Transcatheter pulmonary valve replacement is now a feasible alternative to surgical pulmonary valve replacement in children and adults with dysfunctional right ventricular outflow conduits. Currently, 2 types of valves can be used for this application. This article provides an overview of the procedure and how it is performed, indications and contraindications for transcatheter pulmonary valve replacement, and short- and long-term outcomes. Nursing considerations mainly focus on educating patients, preventing bleeding and infection, monitoring renal function, and preventing injury to the catheter insertion site. This article enhances the knowledge of nurses working in cardiac catheterization laboratories and post-procedure recovery and cardiac units so that the nurses can anticipate interventions and understand the management of patients who have transcatheter pulmonary valve replacement.
Feature| February 01 2018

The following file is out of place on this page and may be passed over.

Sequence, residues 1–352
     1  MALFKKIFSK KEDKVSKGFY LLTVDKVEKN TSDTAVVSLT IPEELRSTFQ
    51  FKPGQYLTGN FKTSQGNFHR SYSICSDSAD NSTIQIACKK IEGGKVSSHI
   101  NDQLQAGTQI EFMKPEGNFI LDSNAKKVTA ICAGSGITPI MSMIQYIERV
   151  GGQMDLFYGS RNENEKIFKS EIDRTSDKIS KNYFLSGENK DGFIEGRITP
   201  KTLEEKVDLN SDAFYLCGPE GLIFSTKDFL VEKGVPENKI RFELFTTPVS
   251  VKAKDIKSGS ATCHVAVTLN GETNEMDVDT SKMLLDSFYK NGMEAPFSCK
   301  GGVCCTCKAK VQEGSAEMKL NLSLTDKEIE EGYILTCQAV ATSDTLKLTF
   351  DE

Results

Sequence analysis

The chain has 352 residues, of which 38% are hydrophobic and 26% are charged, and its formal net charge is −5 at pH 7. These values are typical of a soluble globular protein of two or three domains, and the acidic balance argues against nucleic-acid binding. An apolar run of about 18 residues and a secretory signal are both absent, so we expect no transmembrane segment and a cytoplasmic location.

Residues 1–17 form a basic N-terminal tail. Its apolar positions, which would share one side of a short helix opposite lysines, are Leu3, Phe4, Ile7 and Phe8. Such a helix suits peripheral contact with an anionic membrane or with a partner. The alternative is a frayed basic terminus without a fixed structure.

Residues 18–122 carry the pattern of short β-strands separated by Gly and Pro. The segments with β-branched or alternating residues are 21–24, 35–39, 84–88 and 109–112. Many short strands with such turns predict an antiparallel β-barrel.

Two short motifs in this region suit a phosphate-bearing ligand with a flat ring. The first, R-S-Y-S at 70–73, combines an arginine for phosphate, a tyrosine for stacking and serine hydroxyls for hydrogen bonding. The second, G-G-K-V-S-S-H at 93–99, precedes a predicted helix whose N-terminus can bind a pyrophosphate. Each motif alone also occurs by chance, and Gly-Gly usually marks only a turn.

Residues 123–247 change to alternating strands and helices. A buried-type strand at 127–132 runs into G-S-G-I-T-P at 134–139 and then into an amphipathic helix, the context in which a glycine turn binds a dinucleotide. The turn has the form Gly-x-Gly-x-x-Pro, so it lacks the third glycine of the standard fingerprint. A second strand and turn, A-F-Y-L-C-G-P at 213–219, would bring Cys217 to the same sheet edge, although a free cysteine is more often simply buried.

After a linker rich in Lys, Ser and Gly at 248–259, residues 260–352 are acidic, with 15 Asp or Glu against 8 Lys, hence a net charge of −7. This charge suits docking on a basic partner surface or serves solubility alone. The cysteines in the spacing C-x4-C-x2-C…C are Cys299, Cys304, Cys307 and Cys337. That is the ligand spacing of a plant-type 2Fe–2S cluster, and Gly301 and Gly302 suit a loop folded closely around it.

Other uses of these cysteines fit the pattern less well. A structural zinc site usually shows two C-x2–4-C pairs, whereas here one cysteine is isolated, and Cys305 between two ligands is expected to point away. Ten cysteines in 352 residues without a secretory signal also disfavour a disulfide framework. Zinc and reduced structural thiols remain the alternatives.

Transcatheter Pulmonary Valve Replacement in Patients With Congenital Heart Disease
Shantelle Bartra, MSN, ARNP, PNP-PC
Shantelle Bartra is a pediatric nurse practitioner and coordinator in the cardiac catheterization laboratory, Congenital Heart Center, University of Florida Health, Shands Hospital, Gainesville, Florida.
Corresponding author: Shantelle Bartra, msn, arnp, pnp-pc, Congenital Heart Center, University of Florida, 1600 SW Archer Rd, PO Box 100297, Gainesville, FL 32610 (email: email@example.com).
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Crit Care Nurse (2018) 38 (1): 30–36.
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Shantelle Bartra; Transcatheter Pulmonary Valve Replacement in Patients With Congenital Heart Disease. Crit Care Nurse 1 February 2018; 38 (1): 30–36. doi: https://doi.org/10.4037/ccn2018581
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